For decades now, the United States has served as a de facto role model for Israel. There is a good reason for this, in that that the largest concentration of Jews outside of Israel, lives in the United States (Israel’s current Prime Minister was schooled in Philadelphia, for those who have wondered about the absence of a typical Israeli accent when he speaks English as well as his command of the language). Similarly, there are those who estimate that as many as half a million Israelis are currently living in this country. Add to that the number of Christians who are pro-Israel, and it is easy to understand the mutual admiration between the two countries.

With Israel, celebrating its 72nd birthday this Wednesday, perhaps it would be of interest to look at The United States in the year 1848 when it also celebrated 72 years as an independent country. The similarities and contrasts are, in my opinion, worthy of consideration. John Taylor served as President; George M. Dallas served as Vice-President. Each held that position for one term. Taylor was not re-elected President; Dallas never rose to become President. Benjamin (Bibi) Netanyahu on the other hand, is by all accounts, the longest-serving Prime Minister in Israel’s history, despite the fact that Israel’s political system makes our political system look like child’s play (read into that what you will) and that despite all odds, he has mastered the art of pulling a rabbit out of his kippah, time and time again. 
Population wise, the United States had grown ten-fold in its first 72 years of existence. In 1776, there were approximately 2 ½ million inhabitants between the Atlantic and the Pacific (excluding territory that was soon to become the Dominion of Canada). By 1848, there were 23 million inhabitants within those very same boundaries. Put differently, the nascent United Stated state could proudly boast close to a ten-fold increase in population during its first 72 years. Not that it is a contest, but Israel is able to lay claim to a 15-fold increase during that same period of time, having grown from 600,0000  to just under 9 million! Perhaps of even greater interest,  is the California Gold Rush of all accounts, it was the largest mass migration of people in this country, with 300,000 Americans hoping to either stake their claim or sell merchandise and provide services to those hoping to stake their claim. No such parallel exists in Israel, given the fact that in square miles, Israel is even smaller than New Jersey. Size aside, given the realities of the current crises, Israel, like the United States and most, if not all other countries, is presently in lock down mode, where migration simply does not take place.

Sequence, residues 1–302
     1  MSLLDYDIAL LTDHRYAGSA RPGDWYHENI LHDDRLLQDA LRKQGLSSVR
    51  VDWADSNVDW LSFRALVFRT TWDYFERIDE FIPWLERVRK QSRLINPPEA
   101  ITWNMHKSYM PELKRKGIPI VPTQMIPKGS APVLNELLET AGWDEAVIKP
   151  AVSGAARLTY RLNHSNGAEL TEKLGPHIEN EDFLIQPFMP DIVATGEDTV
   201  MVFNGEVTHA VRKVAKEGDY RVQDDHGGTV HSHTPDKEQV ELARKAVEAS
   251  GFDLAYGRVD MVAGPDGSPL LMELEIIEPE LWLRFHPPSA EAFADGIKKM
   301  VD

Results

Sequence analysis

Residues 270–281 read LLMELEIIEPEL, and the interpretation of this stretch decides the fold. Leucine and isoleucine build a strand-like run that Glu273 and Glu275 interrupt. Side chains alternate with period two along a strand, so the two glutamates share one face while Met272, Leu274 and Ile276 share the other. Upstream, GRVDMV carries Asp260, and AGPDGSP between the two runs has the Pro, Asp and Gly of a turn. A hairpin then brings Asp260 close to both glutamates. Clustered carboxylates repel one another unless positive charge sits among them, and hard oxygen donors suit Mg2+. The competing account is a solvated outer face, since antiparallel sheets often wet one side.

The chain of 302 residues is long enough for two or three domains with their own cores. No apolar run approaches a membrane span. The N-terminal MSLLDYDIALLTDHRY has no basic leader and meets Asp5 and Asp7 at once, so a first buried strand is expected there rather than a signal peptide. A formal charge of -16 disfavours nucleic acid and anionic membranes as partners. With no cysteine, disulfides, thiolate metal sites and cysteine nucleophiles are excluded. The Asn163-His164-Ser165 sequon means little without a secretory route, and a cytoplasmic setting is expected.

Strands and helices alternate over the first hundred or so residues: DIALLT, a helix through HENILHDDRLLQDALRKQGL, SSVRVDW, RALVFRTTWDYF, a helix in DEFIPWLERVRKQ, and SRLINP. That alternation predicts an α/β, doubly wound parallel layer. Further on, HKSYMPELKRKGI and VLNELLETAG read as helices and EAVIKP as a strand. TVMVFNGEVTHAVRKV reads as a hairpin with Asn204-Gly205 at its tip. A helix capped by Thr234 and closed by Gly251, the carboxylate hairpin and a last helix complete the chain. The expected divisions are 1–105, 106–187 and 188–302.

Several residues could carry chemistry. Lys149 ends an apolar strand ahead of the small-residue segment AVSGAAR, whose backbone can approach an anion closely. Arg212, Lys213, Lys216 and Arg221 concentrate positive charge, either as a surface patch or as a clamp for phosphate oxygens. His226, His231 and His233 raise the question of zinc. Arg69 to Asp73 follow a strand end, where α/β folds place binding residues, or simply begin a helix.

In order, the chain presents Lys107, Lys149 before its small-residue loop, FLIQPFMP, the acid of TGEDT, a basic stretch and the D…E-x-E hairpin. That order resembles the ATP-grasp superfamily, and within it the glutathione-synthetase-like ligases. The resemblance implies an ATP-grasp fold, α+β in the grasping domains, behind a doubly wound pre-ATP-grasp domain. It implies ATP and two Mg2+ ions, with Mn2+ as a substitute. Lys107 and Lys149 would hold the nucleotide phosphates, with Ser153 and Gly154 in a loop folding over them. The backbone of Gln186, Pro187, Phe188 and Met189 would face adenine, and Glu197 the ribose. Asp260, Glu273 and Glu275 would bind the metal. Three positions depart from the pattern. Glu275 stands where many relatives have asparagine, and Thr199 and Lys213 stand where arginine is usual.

Having mentioned the current crisis that has effectively paralyzed the world, it would be of great interest to compare breakthroughs in the field of medicine in the 72nd year of the existence of this country and breakthroughs in the field of medicine, as Israel celebrates 72 years of statehood. In 1848, history was made in the northeast of this country, with the opening of Boston Female Medical College (it merged with Boston University School of Medicine a quarter of a century later). It was the first medical school for women in this country. How it was received at the time is worthy of speculation. Also worthy of speculation, are reports released earlier this month, by Ofir Akunis, Israel’s Minister of Science and Technology, that scientists at The Galilee Research Institute, better known by the acronym Migal, are on the cusp of developing the first vaccine against the coronavirus If all goes as planned, the vaccine could be ready within a few weeks and available in 90 days.

Up until now, come the 5th of Iyyar, Israel has had every right to celebrate the anniversary of its independence, proclaimed 72 years ago in Tel Aviv by David Ben Gurion. This year, in my opinion, Israel has the need to celebrate the anniversary of its independence, however, subdued that celebration may be because of the full lockdown order. Among its many accomplishments, Israel has every right to celebrate its political system, despite its foibles. Juntas and resignation of top leadership take place in other countries. When it comes to leadership, Israelis disparage; they do not depose. Israel has every right to celebrate its awe-inspiring growth. Had Israel behaved like other countries, it would have taken immigrants from Russia and Ethiopia and settled them in “no man’s land” in the Negev. Israel has every right to celebrate its breakthroughs in the fields of science and medicine. Its Scientists and Doctors are not only looked up by Israelis, but they are also looked up to by the world. Let us join with Israel as together we celebrate 72 years of naches. Todah Rabah!